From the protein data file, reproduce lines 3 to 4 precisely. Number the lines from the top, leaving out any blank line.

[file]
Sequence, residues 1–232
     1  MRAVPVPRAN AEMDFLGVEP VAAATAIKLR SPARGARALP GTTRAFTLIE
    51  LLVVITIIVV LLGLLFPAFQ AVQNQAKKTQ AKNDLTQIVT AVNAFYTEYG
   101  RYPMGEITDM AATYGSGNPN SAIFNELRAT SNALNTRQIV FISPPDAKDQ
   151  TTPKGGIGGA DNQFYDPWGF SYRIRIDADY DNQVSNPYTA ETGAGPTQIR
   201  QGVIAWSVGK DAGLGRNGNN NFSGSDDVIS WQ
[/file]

    51  LLVVITIIVV LLGLLFPAFQ AVQNQAKKTQ AKNDLTQIVT AVNAFYTEYG
   101  RYPMGEITDM AATYGSGNPN SAIFNELRAT SNALNTRQIV FISPPDAKDQ